In this week’s news from the front lines, the European Commission has decided to initiate a preliminary investigation of Samsung’s litigation tactics with regards to its standards-essential patents. While Apple’s accusations against Samsung have been centered around its own intellectual property, Samsung’s counterclaims both in Europe and here in the States are based on its own 3G wireless-related patents.
Because said patents are standards-essential patents (and thus, available to any company to license under FRAND licensing terms), Samsung’s use of them in a court setting may be seen as “egregious,” or at least that’s how Apple’s putting it.
The European Commission’s statement on the matter doesn’t offer up much meat, but confirms that an investigation is indeed underway:
The Commission has indeed sent requests for information to Apple and Samsung concerning the enforcement of standards-essential patents in the mobile telephony sector. Such requests for information are standard procedure in antitrust investigations to allow the Commission to establish the relevant facts in a case. We have no other comments at this stage.
Something worth noting is that though the wording may be misleading, Samsung is the only party under investigation here. Even though the Commission has requested information from both Apple and Samsung, the investigation is clearly concerned with “the enforcement of standards-essential patents in the mobile telephony sector.” Apple hasn’t filed any suits or complaints over any such patent thus far. In fact, as Florian Mueller of FOSS Patents points out, Apple wasn’t even in the biz when UMTS/3G was created.
No, this investigation is directed at Samsung, and could be devastating to Samsung’s case. If the Commission finds Samsung guilty of abusing FRAND licensing terms, it may force the South Korean company to withdraw a large majority of its complaints against Apple.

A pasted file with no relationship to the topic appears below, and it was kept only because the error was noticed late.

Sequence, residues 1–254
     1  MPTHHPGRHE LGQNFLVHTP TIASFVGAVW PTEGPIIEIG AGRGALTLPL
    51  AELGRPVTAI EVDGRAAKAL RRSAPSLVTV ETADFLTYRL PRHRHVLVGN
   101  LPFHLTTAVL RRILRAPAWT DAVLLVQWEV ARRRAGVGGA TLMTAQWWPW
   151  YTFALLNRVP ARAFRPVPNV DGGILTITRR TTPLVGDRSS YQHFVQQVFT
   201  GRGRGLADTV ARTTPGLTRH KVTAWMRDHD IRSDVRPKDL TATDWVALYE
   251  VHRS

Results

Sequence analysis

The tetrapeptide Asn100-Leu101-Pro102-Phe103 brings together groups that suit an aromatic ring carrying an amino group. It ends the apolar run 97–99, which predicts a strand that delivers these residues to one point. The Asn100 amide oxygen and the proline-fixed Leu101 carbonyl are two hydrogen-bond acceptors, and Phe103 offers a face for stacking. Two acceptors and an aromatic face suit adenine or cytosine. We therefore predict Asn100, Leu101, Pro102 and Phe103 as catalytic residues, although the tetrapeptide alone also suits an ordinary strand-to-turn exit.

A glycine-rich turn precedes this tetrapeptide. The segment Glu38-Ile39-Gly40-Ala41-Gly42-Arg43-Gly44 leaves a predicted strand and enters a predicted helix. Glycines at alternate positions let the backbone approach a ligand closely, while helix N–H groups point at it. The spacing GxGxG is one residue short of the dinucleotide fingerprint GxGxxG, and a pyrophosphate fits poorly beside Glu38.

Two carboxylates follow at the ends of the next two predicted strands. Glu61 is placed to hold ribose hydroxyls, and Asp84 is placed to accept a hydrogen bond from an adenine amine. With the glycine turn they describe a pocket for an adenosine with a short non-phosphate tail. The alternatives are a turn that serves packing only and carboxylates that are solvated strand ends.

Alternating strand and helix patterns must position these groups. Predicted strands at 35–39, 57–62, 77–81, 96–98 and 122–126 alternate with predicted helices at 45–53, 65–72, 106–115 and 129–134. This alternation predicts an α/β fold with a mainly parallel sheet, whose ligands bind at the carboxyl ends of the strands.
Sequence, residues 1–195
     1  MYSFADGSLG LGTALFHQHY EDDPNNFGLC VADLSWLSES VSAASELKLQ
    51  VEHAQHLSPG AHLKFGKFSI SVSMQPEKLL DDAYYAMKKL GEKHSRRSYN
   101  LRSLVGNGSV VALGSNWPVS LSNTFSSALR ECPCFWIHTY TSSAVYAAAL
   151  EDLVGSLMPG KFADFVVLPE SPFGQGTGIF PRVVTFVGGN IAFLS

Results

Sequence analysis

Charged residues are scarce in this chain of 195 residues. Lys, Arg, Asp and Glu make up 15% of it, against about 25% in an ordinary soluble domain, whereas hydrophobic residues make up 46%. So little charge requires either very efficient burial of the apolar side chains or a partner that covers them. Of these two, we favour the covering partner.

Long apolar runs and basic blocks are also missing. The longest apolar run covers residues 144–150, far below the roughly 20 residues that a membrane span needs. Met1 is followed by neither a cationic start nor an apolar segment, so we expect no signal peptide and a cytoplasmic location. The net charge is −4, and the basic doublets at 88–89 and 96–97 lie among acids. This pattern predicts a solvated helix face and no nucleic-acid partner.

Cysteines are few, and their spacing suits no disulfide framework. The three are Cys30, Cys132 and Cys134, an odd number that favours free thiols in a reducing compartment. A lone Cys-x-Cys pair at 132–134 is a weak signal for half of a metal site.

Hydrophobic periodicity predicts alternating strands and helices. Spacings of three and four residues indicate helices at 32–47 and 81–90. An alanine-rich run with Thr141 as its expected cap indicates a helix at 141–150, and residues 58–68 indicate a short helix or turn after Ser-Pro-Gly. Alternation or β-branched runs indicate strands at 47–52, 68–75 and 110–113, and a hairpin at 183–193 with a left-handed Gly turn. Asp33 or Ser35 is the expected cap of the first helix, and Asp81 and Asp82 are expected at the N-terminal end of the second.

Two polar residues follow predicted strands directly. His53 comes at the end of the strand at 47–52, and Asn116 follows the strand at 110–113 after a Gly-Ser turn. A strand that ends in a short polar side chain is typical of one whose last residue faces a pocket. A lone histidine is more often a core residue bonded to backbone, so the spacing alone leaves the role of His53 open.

Within a court filing with the Northern California court system, Apple had this to say about it:
Samsung’s efforts to coerce Apple into tolerating Samsung’s imitation have not been limited to the counterclaims here [in California]. Samsung has launched an aggressive, worldwide campaign to enjoin Apple from allegedly practicing Samsung’s patents. Samsung has sued Apple for infringement and injunctions in no fewer than eight countries outside the United States. Indeed, Samsung’s litigation campaign and other conduct related to its Declared-Essential Patents is so egregious that the European Commission recently has opened an investigation to determine whether Samsung’s behavior violates EU competition laws. Apple brings these Counterclaims In Reply to halt Samsung’s abuse and protect consumers, the wireless telecommunications industry, and Apple from further injury.
Well, them’s fightin’ words if I’m not mistaken. But Samsung is playing it cool, reports Webwereld.nl. They’ve denied any abuse of FRAND terms and made specific mention of the fact that this is “preliminary,” and nothing more. Well, at least not yet.
Samsung has at all times remained committed to fair, reasonable and non-discriminatory licensing terms for our wireless standards-related patents. We have received a request [for information from the] Commission and are cooperating fully. Note that this is a preliminary investigation and the European Commission has not yet determined whether to conduct a full investigation.
This isn’t the first time that FRAND terms have been an obstacle for Samsung. In October, a judge in the Hague Court in the Netherlands said that Samsung wouldn’t win its injunction because the patents it was enforcing were standards-essential patents. This time, however, an investigation has ensued.
Samsung is one of the largest super-multinational companies in the world. It’s possibly best known for it’s subsidiary, Samsung Electronics, the largest electronics company in the world.
Started by Steve Jobs, Steve Wozniak, and Ronald Wayne, Apple has expanded from computers to consumer electronics over the last 30 years, officially changing their name from Apple Computer, Inc. to Apple, Inc. in January 2007. Among the key offerings from Apple’s product line are: Pro line laptops (MacBook Pro) and desktops (Mac Pro), consumer line laptops (MacBook Air) and desktops (iMac), servers (Xserve), Apple TV, the Mac OS X and Mac OS X Server operating systems, the iPod, the...